• Remedy to dubious marriage certificate


    Persida Acosta

    Dear PAO,
    To comply with requirements for a marriage license, I secured a Certificate of No Marriage (Cenomar) from the Philippine Statistics Authority. To my surprise, my Cenomar shows that I am already married. Upon further inquiry, I found out that one of my cousins, who is already married, used my name just so she could marry her foreigner boyfriend. At present, I am not interested in going after my cousin. I just want to clear my record, so I can secure a marriage license, and marry my boyfriend. Please help me. I don’t know what I should do.

    Dear Kristel,
    Based on your narration, there was no marriage, even an ostensible one, between you and the person listed in your Certificate of No Marriage (Cenomar) as your husband, because the alleged marriage was celebrated between your cousin and her foreigner boyfriend. As such, your proper remedy is to correct the concerned marriage certificate to reflect the fact that you are not a party to such marriage.

    To achieve this purpose, you may avail of the remedy provided under Rule 108 of the Rules of Court that is specifically designed to correct or cancel erroneous entries in the civil registry including marriage. Section 1 of the Rule states: “Any person interested in any act, event, order or decree concerning the civil status of persons which has been recorded in the civil register, may file a verified petition for the cancellation or correction of any entry relating thereto, with the Court of First Instance [now the Regional Trial Court]of the province where the corresponding civil registry is located.”

    The use of this remedy was allowed in the case of Republic vs. Olaybar (G.R. No. 189538, February 10, 2014; ponente, Associate Justice Diosdado Peralta), where the petitioner found out a record of marriage that purportedly involved her, although she did not participate in such marriage. To correct the problem, the petitioner filed a petition under Rule 108 of the Rules of Court and prayed for her name to be deleted on “Name of Wife” portion of the concerned marriage certificate. In this case, the Supreme Court ultimately granted her petition after the petitioner was able to prove by competent evidence that her signature was forged and by the testimony of witnesses that the person who appeared before the solemnizing officer during the marriage is not her.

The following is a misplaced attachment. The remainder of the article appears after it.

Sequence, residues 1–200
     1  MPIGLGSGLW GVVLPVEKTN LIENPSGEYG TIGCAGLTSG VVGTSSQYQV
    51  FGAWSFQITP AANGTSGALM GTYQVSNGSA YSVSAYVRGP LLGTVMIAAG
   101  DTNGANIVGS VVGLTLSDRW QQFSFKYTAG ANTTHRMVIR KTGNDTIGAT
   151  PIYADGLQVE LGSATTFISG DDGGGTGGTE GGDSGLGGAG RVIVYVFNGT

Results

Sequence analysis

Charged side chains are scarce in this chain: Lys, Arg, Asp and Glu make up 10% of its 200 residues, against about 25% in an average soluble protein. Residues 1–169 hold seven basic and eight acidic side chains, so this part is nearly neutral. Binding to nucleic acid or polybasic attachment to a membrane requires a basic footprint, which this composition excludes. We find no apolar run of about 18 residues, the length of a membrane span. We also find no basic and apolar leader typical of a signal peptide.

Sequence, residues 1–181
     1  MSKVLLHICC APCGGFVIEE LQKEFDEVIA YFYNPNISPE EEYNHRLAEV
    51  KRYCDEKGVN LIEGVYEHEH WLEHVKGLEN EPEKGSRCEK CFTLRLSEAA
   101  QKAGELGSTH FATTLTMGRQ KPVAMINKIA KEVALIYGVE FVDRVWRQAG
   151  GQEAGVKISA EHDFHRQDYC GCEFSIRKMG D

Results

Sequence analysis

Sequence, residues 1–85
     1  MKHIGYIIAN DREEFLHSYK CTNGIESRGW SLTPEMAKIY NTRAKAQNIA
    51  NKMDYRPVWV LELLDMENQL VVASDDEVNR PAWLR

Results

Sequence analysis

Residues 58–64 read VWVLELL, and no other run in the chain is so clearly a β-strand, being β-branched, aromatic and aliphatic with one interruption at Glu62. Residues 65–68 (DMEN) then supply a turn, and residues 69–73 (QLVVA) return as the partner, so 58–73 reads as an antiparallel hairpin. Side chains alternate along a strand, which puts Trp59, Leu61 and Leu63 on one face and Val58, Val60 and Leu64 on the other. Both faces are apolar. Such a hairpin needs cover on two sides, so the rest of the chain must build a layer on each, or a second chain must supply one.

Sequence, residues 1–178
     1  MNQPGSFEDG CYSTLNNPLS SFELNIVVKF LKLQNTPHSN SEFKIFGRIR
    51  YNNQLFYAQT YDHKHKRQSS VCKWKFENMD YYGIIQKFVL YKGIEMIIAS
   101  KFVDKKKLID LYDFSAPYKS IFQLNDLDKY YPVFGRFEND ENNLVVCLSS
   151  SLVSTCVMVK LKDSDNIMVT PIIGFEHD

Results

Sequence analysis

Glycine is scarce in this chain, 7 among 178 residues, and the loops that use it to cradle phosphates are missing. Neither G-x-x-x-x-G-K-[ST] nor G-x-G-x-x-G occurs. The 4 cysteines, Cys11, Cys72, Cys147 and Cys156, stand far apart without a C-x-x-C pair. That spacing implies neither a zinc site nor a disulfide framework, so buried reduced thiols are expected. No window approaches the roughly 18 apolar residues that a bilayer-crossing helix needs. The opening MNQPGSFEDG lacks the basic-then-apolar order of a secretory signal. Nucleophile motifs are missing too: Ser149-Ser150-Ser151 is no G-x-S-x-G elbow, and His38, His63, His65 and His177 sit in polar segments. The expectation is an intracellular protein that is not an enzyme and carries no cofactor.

Similarly, you may file a petition under Rule 108 and pray for the deletion of your name in the “Name of Wife” portion of the marriage certificate of your cousin and her foreigner spouse. Just like in the case of Republic vs.
    Olaybar, you may support your petition by presenting proof that you did not sign the certificate of marriage, and that you did not appear before the solemnizing officer during the alleged marriage. To avail of this remedy, you may file a verified petition for the correction of the entry with the Regional Trial Court of the province where the civil registry, which keeps the record of the marriage of your cousin and her foreigner boyfriend, is located.

    We hope we were able to sufficiently address your concern. Please bear in mind that this opinion is based on the facts you narrated and our appreciation of the same. Our opinion may vary if facts are changed or elaborated.

    Editor’s note: Dear PAO is a daily column of the Public Attorney’s Office. Questions for Chief Acosta may be sent to dearpao@manilatimes.net


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